Figure 1

Phase 1 study inclusion and exclusion criteria. EoL, end of life.

Selection process

Studies were selected for inclusion using a two-step process: one researcher (MO) screened titles (and abstracts when necessary) to remove duplicates using data management software (EndNote V.X8.2, Clarivate Analytics). Following deduplication, titles and abstracts were screened to determine study eligibility. To ensure the validity of the process, one reviewer (MO) and a second reviewer (NC) each independently screened a random sample of 10% of abstracts; screening results were double-checked by a third reviewer (SL). After resolving disagreements and achieving consensus, the remainder of the screening was undertaken by a single author (MO). Following initial decisions on papers for inclusion, two review authors (MO and SL) each independently reviewed full-text articles against all inclusion and exclusion criteria and resolved disagreements through discussion in order to achieve consensus.

Data extraction and quality appraisal

Data extraction was conducted for each eligible study by a single reviewer (MO) and checked against the manuscript by another reviewer (SL). Quality appraisal was undertaken using the Mixed Methods Appraisal Tool, which includes tools for different study designs and is therefore appropriate for systematic reviews that include qualitative, quantitative and mixed methods research studies.10 Appraisal was undertaken by a single reviewer (MO), recorded on a data extraction sheet and checked by another reviewer (SL). Data management software (EndNote) was used to organise the search results and references.

Synthesising and interpreting results

The search identified that studies included qualitative, quantitative and mixed methods research. Thus, a framework for a mixed studies review was used, with thematic analysis of qualitative data within a data-based convergent synthesis design.11 In this design, qualitative and quantitative data can be analysed and synthesised together. Overlaying this, however, and in keeping with the study focus, we structured the review according to models of service delivery that we found in the literature reviewed: community pharmacy services; general practitioners (GP; family doctors); community specialist nurse independent prescribers; and hospice emergency medication kits (HEMK).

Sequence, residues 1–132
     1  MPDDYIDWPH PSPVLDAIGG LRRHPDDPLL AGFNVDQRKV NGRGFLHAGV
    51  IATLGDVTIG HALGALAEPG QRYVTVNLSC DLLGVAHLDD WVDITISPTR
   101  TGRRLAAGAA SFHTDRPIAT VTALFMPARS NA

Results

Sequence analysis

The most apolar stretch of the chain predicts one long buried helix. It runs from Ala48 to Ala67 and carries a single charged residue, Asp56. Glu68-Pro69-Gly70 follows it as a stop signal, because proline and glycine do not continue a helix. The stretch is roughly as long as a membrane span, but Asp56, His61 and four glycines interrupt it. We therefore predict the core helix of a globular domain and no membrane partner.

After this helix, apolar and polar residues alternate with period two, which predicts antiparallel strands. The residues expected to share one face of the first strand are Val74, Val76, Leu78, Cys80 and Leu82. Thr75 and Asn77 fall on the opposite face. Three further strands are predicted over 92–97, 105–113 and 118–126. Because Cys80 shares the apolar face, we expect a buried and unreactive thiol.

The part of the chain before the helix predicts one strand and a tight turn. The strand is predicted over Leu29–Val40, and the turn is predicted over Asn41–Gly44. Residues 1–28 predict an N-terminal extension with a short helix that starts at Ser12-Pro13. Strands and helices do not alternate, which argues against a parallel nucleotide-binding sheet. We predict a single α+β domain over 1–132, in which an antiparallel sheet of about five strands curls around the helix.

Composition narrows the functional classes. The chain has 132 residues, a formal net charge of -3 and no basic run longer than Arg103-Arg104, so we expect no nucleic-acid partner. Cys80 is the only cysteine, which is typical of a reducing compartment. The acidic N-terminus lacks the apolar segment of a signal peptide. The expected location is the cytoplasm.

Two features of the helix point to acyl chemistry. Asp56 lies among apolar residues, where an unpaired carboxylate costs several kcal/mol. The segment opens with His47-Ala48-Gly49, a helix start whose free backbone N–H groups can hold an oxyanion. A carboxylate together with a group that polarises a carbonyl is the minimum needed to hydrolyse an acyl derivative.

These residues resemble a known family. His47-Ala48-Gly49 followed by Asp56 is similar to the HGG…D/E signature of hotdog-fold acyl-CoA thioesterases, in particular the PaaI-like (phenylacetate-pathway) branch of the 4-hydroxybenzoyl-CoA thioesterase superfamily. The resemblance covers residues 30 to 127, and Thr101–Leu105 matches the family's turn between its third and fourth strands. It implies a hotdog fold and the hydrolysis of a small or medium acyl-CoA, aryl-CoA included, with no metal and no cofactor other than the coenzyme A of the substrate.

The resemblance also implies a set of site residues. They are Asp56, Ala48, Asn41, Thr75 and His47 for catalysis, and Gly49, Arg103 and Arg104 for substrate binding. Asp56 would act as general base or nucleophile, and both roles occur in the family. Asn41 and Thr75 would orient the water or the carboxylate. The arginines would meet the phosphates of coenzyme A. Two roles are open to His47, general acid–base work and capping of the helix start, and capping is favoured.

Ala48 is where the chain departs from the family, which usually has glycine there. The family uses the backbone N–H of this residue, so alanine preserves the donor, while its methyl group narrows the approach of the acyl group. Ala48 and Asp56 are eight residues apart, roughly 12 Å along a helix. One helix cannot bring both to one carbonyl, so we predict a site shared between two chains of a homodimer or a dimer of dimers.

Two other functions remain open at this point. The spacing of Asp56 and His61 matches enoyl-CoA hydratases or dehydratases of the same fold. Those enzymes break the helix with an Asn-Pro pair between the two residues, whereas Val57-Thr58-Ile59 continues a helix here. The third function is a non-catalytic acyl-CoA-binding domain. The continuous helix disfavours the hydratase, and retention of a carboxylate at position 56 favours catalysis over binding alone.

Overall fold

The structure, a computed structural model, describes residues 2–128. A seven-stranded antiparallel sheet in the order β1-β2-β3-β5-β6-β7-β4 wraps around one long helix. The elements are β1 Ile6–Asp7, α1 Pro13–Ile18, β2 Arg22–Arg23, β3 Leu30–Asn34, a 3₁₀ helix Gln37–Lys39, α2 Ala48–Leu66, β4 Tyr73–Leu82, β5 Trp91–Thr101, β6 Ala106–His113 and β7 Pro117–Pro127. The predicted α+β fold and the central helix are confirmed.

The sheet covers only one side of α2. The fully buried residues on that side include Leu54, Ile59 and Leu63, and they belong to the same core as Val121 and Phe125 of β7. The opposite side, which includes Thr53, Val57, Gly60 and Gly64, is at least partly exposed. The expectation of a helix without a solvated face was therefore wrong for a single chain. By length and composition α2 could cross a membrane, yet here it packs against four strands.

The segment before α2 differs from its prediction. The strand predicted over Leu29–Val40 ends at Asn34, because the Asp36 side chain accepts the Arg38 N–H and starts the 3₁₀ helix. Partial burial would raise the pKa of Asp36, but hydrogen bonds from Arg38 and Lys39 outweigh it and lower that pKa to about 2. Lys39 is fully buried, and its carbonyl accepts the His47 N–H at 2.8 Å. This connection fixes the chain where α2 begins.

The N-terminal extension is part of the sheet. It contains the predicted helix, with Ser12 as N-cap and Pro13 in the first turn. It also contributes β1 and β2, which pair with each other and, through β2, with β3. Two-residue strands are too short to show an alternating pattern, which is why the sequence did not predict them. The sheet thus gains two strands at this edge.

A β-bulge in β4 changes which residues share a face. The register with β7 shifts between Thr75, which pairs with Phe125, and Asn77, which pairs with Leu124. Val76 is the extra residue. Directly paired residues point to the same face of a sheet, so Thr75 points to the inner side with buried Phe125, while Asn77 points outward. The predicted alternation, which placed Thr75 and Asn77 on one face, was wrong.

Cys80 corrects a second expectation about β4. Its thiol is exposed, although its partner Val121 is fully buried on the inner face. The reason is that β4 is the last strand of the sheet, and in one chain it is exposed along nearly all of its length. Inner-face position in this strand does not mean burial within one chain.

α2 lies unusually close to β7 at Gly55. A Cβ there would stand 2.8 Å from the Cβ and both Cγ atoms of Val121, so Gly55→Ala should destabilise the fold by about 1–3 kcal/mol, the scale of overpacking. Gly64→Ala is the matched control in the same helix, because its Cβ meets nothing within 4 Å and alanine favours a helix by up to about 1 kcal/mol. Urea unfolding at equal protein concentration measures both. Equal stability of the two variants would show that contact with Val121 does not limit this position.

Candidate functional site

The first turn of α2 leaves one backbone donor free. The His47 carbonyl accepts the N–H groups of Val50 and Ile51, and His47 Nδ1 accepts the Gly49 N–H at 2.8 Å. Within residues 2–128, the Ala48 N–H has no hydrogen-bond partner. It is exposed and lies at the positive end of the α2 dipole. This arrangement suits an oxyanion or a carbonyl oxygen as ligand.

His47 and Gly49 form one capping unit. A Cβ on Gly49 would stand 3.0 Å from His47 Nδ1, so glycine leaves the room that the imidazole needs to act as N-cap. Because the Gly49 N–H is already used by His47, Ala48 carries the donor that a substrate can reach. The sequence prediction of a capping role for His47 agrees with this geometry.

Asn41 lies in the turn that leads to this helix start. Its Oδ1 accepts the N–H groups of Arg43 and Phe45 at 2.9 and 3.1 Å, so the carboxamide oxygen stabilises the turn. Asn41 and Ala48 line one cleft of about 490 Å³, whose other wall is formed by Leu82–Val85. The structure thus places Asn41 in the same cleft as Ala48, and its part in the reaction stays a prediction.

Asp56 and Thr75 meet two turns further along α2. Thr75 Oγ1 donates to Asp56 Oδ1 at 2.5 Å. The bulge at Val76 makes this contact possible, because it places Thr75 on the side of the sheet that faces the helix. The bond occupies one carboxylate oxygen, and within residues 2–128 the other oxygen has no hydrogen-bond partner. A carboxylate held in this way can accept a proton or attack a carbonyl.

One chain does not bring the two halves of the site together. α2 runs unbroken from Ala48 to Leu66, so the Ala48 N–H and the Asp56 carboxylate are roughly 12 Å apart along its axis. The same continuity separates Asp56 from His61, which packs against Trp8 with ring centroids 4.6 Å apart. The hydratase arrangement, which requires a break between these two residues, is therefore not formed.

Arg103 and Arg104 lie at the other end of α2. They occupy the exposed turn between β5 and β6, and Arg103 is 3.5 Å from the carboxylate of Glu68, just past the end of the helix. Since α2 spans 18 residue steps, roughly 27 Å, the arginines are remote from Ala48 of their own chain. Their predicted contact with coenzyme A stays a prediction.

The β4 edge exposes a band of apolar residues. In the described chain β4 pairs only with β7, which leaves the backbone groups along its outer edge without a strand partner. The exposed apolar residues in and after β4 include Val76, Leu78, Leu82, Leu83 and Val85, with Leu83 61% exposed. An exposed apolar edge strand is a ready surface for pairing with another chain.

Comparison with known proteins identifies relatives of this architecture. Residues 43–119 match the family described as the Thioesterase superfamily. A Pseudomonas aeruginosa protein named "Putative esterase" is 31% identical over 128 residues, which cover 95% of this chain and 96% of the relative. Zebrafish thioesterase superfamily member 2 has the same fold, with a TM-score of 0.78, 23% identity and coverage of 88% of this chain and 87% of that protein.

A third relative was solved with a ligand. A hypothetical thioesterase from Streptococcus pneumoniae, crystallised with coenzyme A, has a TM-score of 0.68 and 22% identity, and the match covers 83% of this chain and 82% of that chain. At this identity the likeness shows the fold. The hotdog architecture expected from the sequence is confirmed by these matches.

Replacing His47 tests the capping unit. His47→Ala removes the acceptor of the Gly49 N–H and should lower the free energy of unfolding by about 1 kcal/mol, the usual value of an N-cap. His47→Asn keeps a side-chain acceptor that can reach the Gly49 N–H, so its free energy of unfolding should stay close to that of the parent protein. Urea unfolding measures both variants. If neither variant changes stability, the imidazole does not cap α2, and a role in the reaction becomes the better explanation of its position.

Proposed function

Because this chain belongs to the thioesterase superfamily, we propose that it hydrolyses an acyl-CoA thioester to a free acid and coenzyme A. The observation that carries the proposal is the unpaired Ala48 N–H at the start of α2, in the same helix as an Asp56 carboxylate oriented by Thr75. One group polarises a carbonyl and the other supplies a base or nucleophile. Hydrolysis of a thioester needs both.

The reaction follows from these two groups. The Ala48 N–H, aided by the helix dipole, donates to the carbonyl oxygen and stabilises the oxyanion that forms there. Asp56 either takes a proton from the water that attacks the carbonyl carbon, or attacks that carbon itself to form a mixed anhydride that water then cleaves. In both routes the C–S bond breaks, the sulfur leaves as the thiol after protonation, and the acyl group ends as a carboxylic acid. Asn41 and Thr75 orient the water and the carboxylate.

The electronic database search produced 3627 records and 19 records were identified by expert consultation, as shown in the PRISMA flow diagram in figure 2. Ten studies were included in the review: five quantitative studies, four qualitative studies and one mixed methods study (online supplemental table 2). One study was reported as a short series over two editions of a journal12 13; these were linked together for the purposes of the current review.

Figure 2

Preferred Reporting Items for Systematic Reviews and Meta-Analyses (PRISMA) 2009 flow diagram. *1Database; MEDLINE: 1306+CINAHL: 167+PsycINFO: 968+EMBASE: 1186. *2The reason for reduction; sources were not accessible: 10. *3Two papers reporting the same study were counted as one study.